Book Review: The Timekeepers’ War

81C6jQyqOVL._SL1500_The Timekeepers War is the debut novel of Saskatchewan based writer, S.C. Jensen, but you wouldn’t know it. Skillfully written and edited, there is no hint that this book is written by anyone other than an author at the top of their game.

.
We are taken to a disconnected and post apocalyptic world, some hundreds of years into the future. There, people like the protagonist, Ghost, scrabble a hand-to-mouth existence amongst the ruins of the City, living in fear of one another, and of the burning rays of the Sun. Some have moved underground entirely, and these scenes did have resonances with Neil Gaiman’s ‘Neverwhere’ for me.

Unknown to many of the City’s inhabitants, others, considering themselves an elite, moved up, into a guarded luxury undreamt of by those below. This is the Elysian Empire: a dictatorship, run by the tyrannical Ursaar.
The Elysian Empire is a skilful and nightmarish blend of the worst of all worlds – think of Nero’s Rome with unbridled genetic engineering, and you’ll have something of the flavour of it. Psychologists would delight in picking apart the various conditions of the Ursaar, who is plagued by paranoia, megalomania, and best of all, a substitute Oedipal complex.

.
It is hard to write about this book without including too many spoilers, but I can say that Jensen has created a believable and complex world, peopled by strong characters. Many of them are not beauties, either physically or morally, just as most of us are not in real life. One thing I did love was the way that the book avoided painting anyone as entirely black or white – no-one is an angel, and motivations are mixed and sometimes obscure, again, truly reflecting society. Written as the first part of a series of books, you are often left wondering what people’s real aims are, and I’m sure that will provide ample fodder for the next books.

In the same vein, it was refreshing to have a kick-ass heroine who is strong, and can look after herself, and yet acknowledge that she has doubts and fears just like everyone else. Ghost is no superhero, but perhaps a woman steeled by the hardships of her existence.

There is plenty of action, guerrilla warfare, and even spirituality in The Timekeepers War, which will lead you through a rich world of secret societies, secret passages, steamy townships and impossibly rich gilded imperial gardens. A lengthy but necessary section of explanation and back story in the middle of the book is kept flowing well with intrigues and a deepening of the relationship between the main characters, Ghost and the mysterious Lynch.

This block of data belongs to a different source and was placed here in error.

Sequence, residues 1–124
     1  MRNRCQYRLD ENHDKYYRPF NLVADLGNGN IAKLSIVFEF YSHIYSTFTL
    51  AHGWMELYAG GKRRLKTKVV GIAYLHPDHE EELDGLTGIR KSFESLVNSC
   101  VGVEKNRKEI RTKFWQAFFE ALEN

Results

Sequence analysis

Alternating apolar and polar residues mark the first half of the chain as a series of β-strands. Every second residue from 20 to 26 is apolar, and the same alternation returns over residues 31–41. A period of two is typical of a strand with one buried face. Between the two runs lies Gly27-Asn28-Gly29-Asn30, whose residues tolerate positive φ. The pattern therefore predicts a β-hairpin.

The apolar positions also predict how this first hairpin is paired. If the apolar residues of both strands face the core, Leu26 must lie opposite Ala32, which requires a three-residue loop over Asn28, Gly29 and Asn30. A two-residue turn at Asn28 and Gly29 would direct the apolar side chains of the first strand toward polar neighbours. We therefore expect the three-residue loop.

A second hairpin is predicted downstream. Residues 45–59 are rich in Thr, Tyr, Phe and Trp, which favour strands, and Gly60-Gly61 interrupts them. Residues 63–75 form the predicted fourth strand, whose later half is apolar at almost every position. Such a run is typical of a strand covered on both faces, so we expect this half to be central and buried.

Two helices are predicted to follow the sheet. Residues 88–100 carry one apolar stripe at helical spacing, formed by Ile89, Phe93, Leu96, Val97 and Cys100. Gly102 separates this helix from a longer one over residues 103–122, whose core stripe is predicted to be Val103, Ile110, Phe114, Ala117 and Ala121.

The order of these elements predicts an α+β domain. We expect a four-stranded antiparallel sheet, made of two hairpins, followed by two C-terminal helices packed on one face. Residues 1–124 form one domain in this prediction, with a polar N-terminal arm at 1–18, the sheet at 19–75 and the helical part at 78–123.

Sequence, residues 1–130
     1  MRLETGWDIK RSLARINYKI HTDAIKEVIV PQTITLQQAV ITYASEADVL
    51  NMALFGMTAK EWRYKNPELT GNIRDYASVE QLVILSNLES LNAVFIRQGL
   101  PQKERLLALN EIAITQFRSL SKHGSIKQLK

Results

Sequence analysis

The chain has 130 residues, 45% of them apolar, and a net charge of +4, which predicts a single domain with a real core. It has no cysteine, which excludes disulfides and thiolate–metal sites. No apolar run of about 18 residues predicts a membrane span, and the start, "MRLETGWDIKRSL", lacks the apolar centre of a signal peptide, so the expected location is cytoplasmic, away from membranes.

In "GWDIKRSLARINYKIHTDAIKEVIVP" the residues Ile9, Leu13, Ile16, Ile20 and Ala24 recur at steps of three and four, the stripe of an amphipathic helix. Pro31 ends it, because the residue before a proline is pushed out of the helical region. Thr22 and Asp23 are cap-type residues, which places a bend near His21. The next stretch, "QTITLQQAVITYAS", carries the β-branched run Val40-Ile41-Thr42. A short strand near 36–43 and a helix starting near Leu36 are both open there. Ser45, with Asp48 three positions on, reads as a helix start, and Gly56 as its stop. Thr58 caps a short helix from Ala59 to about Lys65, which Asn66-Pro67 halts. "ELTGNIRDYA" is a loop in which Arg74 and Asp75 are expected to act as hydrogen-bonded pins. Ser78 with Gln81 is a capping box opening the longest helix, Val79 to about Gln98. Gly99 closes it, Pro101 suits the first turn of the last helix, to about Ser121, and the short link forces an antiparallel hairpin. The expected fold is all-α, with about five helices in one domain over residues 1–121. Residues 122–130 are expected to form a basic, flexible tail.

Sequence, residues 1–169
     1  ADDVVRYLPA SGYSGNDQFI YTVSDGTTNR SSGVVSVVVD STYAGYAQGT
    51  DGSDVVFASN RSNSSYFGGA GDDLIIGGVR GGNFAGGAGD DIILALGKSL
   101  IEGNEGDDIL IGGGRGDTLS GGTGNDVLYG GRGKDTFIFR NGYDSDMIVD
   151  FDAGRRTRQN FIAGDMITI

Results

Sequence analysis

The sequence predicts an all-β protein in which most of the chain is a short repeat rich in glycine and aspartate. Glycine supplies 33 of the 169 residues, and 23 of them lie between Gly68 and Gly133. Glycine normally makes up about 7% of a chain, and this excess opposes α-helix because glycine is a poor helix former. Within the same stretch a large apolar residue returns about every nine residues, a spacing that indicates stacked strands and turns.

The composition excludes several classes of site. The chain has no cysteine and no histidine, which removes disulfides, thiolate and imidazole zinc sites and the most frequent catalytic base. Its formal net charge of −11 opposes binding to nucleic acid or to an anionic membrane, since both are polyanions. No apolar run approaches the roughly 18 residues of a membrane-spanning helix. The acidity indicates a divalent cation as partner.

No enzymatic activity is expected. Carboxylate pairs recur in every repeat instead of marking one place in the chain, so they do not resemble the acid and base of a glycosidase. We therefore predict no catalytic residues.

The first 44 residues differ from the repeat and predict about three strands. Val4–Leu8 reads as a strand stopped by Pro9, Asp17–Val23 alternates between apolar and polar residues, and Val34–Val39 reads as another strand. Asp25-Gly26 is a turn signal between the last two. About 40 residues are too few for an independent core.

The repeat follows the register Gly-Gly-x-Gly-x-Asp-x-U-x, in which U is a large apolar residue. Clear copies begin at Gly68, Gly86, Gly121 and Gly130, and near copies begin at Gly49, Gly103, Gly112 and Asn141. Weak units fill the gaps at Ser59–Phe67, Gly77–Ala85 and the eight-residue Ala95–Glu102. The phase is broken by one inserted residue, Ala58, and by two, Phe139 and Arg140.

Overall, The Timekeepers War is a highly accessible book, which deserved to be widely read. It would make a fine film, and I look forward eagerly to the sequel.

Five stars from me.

five-stars

 

 

I received a free ebook of The Timekeepers War, in return for an honest review.

Advertisements

Book launch!

MOFK COVER front finalI’m very excited to announce the launch of our new Anthology about honest motherhood – The Milk of Female Kindness!

It’s out now on Amazon and Createspace, with The Book Depository to follow.

Terrifically proud of the 28 women from all around the world who have shared their thoughts, creativity and time to make this book. It’s wonderfully diverse, with artwork, poetry, short fiction, essays and interviews, from women at all stages of motherhood. Many are established writers and artists: others are new to the world of publishing. Some of them have been featured in Writer’s Block already, and more are to come.

So – if you are a mother, know someone who is, or have a mother (and let’s face it, most of us have at some point ;)), then this book will touch you, challenge you, confront you, and best of all, make you rethink the role of motherhood.

If anyone is looking for a book for the holidays – this could be the one for you. 🙂

Guest post at the ‘Writer’s Shack’

1378419904

Guest post at the ‘Writer’s Shack’

I’m Guest Posting today over at ‘The Writer’s Shack‘ which is Riley Banks’ blog, with a bit of a grumble about Amazon. Riley makes a very pertinent comment on the post, about how non-US authors are treated. If enough people grumble, could it result in some changes to Amazon? You never know the strength of people power….

Book Review: Descent

713UwgkcxOL

Click here to reach the Amazon page for ‘Descent’

Descent is the first in the Rephraim series by Cheri Roman, and I have been lucky enough to read it hot off the press!

I should preface this review by noting that my tastes in fantasy tend to run to the flippant, and also that being an atheist, I was not as comfortable as many others would be with the religious references in Descent, although I’m sure that would be no impediment to most readers.

Descent is the story of seven angels, who under their military commander Fomor, decide to desert and plead neutrality in a heavenly war. To avoid the conflict, they come to Earth, and this is the tale of their exiled adventures and entanglements with humans – and the Fallen.

This is the first in a series of books, and as such Roman does a great job of strongly establishing the characters and setting in motion a chain of events which will make you eager to read the next book in the series.

There is drama here in aptly biblical proportions – birth, death, love and loss, and lots of action to keep you turning the pages into the night. It is moderately gory in parts, which does establish an appropriate level of revulsion towards the Fallen and their offspring.